While Orthodox Jews are most distinct linguistically from their non-Jewish neighbors, they are not the only ones with language interesting enough to analyze. Of course there are the children of immigrants from Iran, Russia, Israel, and elsewhere, who speak English with some influences from their native languages. There is the insular Syrian community in Brooklyn that maintains words from Judeo-Arabic in their English even two to three generations after the major wave of immigration. And there are the secular Yiddishists, some of whom speak Yiddish "az di tate-mame zoln nisht farshteyn" (so their parents won't understand—a reversal of the generational trend). We might even analyze the language of Jewish communal organizations— such as the creative use of Hebrew and Yiddish in program names and the trend of JBranding (e.g., JDate, JSpot, JGooders).

But in my opinion, one of the most interesting groups to analyze linguistically is young non-Orthodox Jews who are highly involved in Jewish religious life (henceforth referred to with the less unwieldy but more tongue-in-cheek phrase super Jews). In an Internet survey that I conducted with Steven M. Cohen, we asked respondents dozens of questions about their use of Hebrew and Yiddish words and other linguistic features, as well as about demographic traits. Using non-random "snowball sampling," the survey received more than 40,000 responses (see links on my HUC faculty webpage for details about methodology and findings). In the remainder of this article, I offer my analysis of the survey results about non-Orthodox super Jews, limiting the sample to the 23,004 respondents who grew up speaking English in the United States and who identify themselves as Jewish and not Orthodox.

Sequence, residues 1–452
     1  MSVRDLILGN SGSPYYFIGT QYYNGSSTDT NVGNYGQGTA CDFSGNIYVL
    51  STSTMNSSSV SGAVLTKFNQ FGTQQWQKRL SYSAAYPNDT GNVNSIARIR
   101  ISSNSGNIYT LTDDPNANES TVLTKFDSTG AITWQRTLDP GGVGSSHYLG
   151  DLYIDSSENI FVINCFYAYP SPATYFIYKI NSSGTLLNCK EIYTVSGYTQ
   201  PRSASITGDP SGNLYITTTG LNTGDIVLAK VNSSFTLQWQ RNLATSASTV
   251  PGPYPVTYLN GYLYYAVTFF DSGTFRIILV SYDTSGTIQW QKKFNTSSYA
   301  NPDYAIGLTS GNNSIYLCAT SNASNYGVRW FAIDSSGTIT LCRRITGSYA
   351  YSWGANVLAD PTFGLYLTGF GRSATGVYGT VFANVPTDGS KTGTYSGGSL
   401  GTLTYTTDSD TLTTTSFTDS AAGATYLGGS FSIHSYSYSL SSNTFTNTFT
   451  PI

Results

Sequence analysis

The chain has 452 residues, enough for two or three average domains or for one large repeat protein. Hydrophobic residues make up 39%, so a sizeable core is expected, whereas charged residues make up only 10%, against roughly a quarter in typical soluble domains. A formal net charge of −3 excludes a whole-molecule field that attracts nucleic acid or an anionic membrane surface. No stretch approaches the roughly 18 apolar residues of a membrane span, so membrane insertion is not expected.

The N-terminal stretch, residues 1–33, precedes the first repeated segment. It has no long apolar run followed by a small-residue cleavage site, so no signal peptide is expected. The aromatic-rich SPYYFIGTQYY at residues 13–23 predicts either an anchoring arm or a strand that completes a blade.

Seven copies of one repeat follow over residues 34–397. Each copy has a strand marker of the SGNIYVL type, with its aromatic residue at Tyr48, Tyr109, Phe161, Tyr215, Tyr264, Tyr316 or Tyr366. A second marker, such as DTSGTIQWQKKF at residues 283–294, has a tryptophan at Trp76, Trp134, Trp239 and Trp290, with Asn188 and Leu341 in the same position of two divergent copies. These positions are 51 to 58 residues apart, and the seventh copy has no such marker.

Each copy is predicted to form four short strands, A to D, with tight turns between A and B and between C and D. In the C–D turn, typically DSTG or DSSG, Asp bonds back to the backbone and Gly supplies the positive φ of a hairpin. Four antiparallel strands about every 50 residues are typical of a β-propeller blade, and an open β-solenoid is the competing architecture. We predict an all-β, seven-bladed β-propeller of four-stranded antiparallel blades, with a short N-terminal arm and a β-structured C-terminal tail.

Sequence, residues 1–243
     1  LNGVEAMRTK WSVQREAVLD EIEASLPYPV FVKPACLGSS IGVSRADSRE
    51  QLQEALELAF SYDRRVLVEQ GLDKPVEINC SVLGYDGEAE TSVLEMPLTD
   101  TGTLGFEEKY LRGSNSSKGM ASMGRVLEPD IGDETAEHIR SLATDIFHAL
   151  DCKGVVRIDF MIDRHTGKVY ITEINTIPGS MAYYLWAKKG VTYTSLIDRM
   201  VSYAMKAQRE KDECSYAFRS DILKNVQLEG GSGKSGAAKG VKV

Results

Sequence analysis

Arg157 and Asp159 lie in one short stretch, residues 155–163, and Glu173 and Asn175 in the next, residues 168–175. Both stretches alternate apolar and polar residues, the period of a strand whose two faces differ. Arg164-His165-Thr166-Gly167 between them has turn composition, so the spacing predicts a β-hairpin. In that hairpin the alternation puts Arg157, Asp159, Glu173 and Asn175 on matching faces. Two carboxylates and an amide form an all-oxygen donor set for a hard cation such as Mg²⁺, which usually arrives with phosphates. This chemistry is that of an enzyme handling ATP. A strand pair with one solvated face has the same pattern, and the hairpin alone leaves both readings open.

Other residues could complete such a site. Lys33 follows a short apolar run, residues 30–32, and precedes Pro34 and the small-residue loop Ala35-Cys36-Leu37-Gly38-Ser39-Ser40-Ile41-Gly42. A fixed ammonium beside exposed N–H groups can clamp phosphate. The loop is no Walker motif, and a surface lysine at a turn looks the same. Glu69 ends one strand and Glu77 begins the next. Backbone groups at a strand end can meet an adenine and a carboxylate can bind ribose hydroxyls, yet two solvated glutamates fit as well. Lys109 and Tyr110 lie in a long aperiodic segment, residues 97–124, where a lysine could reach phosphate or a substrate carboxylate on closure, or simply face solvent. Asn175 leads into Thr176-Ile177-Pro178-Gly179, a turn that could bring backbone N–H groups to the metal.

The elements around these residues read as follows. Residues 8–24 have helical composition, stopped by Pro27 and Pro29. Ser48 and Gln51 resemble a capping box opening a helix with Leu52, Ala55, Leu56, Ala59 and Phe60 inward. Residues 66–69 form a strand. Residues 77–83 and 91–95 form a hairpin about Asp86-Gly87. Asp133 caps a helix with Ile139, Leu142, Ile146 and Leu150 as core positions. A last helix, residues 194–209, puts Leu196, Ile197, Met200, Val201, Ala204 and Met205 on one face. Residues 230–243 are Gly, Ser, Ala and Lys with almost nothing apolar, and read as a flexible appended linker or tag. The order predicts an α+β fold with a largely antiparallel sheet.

First, we need a working definition of super Jews. While there are many options, Cohen and I decided that respondents must meet at least two of the following three criteria: (1) attend services more than monthly; (2) have visited Israel three or more times or lived there; and (3) all or almost all of their friends are Jewishly engaged. According to this definition, 11 percent of this (non-Orthodox) sample is considered super Jews (674 individuals age 18–45 and 1,917 45 years or older).1 We see differences between super Jews and non-super Jews at all ages, but the strongest differences are among those under 45. Results for this age group are presented in Table 1. Crucially, non-Orthodox super Jews differ from other non-Orthodox Jews in their language skills. Especially in the younger group, they are much more likely to report excellent or good Hebrew skills and at least some comprehension of Talmudic Aramaic. Second, they are much more likely to report using many of the Yiddish, Hebrew, and Aramaic words we asked about, especially in the religious domain. They are much more likely to report using Israeli Hebrew words, which is not surprising given that many of them have spent time in Israel.